Early morning tai chi on the riverfront
It was so great to see Cambodia’s capital Phnom Penh looking so lush, green, shiny and happy when we dropped in a few weeks ago. On our first morning (after waking for the day at 3am…ahem) we made our way down to the riverfront at dawn to be greeted with tai chi classes, dancing (dancercise?!) and joggers on the newly paved, landscaped and exercise equipment-bedecked public space fronting the swollen Tonle Sap river.
Beautiful morning on the full and fast flowing Tonle Sap
It was a happy sight and a far cry from the riverfront of old. In 2007 (in Phnom Penh years 2007 is really old news) I would return home filthy from early morning walks along the unpaved dirt, after dodging rubbish piles and bedraggled kids. In 2008/09 we’d weave in and out of the jumble of parked motorbikes on the footpath as the riverfront was cordoned off with a big billboard covered fence for maintenance. Finally, it’s been restored to a beautiful, practical and clean space Phnom Penh-ites can enjoy.
Riverfront makeover aside, the city looked newer, glossier, shinier – there were new businesses everywhere from cool new eating and drinking establishments (Brown, Yumi, Rahu et al) to the not so cool but inevitable encroachment of a KFC on what seemed like every block. The streets surrounding the Russian Market were almost unrecognisable, with a rash of new clothing stores cashing in on the brand name western clothing made in the city’s garment factories. The Central Market’s multi-million dollar renovation project is complete, and many existing businesses have expanded, been renovated, or opened multiple branches.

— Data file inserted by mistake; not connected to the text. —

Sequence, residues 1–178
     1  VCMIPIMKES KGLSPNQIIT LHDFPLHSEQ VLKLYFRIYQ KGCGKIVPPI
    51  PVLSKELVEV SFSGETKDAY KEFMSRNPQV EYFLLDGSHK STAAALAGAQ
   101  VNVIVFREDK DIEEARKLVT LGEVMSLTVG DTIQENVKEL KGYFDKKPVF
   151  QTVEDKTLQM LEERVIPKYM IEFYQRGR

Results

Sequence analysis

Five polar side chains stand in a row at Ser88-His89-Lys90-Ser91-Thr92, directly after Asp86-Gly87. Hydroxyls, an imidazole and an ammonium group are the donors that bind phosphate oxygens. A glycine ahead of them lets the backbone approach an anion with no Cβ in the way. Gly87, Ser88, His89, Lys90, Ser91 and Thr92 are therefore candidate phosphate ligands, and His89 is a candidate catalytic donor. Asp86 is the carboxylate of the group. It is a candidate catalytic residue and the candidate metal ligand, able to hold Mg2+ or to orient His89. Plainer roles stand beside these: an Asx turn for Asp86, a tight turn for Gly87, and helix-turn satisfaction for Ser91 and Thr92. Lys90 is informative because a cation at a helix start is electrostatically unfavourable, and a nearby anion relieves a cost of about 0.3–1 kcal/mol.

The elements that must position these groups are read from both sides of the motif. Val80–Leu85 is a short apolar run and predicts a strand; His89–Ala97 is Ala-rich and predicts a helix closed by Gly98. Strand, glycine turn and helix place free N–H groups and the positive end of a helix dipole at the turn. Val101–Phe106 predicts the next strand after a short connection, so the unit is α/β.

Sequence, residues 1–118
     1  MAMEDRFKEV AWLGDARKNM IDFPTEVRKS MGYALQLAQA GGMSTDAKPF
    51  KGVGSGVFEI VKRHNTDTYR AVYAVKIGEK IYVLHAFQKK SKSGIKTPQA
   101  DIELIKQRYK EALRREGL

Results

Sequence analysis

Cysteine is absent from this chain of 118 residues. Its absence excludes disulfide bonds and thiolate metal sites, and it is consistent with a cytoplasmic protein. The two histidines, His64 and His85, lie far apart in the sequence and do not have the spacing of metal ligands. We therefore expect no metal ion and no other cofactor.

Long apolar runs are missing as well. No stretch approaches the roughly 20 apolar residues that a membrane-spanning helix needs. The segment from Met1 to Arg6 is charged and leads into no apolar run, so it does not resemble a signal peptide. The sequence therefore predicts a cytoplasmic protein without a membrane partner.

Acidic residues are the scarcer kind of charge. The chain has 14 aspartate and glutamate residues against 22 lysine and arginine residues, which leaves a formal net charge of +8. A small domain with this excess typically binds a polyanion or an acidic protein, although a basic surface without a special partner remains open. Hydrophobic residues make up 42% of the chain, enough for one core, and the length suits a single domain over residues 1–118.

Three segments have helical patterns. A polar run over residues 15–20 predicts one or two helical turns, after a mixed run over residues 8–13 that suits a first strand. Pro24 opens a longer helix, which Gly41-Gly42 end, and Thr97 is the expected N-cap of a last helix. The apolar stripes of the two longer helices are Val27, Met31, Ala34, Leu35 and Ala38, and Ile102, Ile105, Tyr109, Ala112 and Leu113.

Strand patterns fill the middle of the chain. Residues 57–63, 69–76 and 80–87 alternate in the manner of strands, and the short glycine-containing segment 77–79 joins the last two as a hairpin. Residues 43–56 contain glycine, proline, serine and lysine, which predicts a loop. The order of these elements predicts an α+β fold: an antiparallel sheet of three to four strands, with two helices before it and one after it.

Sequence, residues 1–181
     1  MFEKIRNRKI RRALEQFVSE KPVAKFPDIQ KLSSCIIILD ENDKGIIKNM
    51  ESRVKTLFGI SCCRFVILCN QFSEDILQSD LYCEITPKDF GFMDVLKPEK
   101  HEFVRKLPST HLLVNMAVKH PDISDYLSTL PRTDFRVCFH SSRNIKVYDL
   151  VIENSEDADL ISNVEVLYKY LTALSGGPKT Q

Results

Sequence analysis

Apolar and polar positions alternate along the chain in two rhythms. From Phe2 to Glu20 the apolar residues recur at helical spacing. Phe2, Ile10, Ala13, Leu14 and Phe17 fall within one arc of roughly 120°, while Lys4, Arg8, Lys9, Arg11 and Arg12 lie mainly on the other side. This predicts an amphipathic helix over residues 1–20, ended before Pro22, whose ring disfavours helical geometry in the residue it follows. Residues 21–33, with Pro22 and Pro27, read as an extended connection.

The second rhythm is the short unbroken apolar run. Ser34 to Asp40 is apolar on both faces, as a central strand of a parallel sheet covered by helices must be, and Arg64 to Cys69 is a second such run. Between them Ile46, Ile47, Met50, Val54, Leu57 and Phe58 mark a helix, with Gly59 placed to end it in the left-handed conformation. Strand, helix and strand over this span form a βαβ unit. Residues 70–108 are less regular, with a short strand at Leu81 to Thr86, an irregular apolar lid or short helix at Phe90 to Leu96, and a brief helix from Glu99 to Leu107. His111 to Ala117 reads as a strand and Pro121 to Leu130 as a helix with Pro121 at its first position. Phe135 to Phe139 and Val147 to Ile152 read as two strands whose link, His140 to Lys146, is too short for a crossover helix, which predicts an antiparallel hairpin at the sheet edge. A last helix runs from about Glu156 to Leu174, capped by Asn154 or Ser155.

Inside the revamped Central Market
My old street (108) has new green spaces and far less rubbish. There are no longer homeless families literally living on my old doorstep. It’s so amazing and heartening to see Phnom Penh rise from the crumbling, poverty stricken, dangerous place of old to a thriving, creative, constantly improving mini-metropolis, still with loads of charm and a dose of edginess for good measure. I think I will always feel some kind of pull to Phnom Penh after spending a few years living there – an intense period of change, new experiences and new life direction for me.
This Bangkok Post piece is a great read on the new face of Phnom Penh but raises interesting points about the dark side of rapid change, like forced evictions. It will definitely be interesting to keep an eye on how the city continues to evolve.